The Role of Land Brokers?
It seems that the role of a land broker can vary from market to market, with the value maybe more dependent on land supply constraints. In California where the developable land supply is constrained and competitive, a land broker may have an exclusive listing and add value to a seller by increasing the competition for the land and therefore the price. As well, a land broker may earn commissions as a buyer’s agent because the land buyers need all the help they can get in such a competitive market.
In these land-constrained markets, the use of a multiple listing service (MLS) is not generally all that prevalent. The concept of the MLS, particularly in the housing markets, is that the listing broker needs the help of buyer agents to successfully bring seller and buyer together. A good land broker, however, will probably know most of the developers, builders, and buyers for land in their market. Thus, the listing broker may not need to share any commissions with the buyer agents because they all know the same targets.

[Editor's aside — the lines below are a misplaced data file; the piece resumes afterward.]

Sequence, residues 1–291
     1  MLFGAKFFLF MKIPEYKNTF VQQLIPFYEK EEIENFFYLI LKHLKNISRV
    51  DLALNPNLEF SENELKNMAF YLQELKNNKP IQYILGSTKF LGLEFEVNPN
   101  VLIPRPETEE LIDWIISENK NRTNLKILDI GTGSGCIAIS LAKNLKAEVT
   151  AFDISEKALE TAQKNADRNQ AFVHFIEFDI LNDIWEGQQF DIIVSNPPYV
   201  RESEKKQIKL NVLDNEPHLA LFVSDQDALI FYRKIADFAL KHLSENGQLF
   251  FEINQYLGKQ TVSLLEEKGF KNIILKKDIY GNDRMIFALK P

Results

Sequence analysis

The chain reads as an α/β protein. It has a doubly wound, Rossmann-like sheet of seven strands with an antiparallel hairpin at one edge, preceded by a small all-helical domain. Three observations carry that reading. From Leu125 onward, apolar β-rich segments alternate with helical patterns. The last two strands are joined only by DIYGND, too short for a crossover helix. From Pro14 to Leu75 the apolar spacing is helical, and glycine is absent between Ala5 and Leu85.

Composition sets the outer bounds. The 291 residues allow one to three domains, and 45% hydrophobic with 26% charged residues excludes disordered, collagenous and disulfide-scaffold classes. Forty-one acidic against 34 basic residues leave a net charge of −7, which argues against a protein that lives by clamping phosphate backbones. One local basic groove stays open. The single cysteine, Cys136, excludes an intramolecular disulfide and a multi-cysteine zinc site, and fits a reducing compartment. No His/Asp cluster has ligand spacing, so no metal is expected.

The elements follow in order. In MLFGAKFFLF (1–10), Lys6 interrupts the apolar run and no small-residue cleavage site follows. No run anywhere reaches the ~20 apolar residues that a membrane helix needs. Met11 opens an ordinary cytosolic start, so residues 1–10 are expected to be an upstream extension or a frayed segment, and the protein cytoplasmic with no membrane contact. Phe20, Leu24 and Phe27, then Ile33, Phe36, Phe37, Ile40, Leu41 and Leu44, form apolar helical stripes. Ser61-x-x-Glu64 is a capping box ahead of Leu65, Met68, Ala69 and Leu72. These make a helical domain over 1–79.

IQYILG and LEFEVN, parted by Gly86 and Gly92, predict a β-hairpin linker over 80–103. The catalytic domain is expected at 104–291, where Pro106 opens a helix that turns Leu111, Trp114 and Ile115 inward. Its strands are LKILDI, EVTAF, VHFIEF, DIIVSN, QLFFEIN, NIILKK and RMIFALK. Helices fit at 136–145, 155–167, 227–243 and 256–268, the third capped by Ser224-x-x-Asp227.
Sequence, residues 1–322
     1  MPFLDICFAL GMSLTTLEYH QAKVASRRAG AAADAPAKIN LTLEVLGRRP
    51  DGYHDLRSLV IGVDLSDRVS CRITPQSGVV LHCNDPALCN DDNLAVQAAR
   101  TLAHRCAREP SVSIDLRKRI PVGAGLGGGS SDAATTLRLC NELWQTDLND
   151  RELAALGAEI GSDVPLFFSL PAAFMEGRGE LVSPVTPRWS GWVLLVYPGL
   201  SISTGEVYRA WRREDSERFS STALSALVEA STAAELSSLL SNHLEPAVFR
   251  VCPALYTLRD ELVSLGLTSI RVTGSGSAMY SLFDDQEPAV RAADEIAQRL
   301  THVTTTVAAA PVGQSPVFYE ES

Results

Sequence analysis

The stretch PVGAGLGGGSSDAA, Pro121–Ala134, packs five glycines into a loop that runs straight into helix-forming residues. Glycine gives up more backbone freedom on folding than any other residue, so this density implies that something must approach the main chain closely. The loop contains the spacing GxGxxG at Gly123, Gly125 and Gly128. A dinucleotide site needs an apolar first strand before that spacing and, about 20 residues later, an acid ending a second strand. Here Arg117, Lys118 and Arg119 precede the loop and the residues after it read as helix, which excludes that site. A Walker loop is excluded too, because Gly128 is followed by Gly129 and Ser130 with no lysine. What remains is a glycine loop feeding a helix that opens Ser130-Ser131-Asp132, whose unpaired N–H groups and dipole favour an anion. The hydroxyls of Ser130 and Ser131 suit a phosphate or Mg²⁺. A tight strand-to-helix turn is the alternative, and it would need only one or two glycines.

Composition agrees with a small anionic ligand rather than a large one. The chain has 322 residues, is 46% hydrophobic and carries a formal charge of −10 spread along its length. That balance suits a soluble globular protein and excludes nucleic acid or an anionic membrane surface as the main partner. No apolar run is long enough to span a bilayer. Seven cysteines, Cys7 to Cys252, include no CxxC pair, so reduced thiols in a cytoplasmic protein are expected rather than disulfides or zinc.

In markets where the competition for land is not as competitive, I have seen land offerings on the housing MLS. As well, Loopnet seems to be the leading MLS-type service for commercial properties, such as office buildings, shopping centers, apartments, and other income-producing properties. Available land can show up in Loopnet, yet again not so much where the land supply is limited.
So how does a land broker earn a commission as a buyer’s agent in a competitive land market if the listing broker is not offering to cooperate with other brokers? Many builders and developers will agree to pay the commission to a land broker if they make them aware of available land. Again, it is the competitiveness for land deals that dictates whether a land buyer believes it is worth to pay a commission for an opportunity. And if so, it is a matter of negotiation between land broker and buyer as to what that commission will be.
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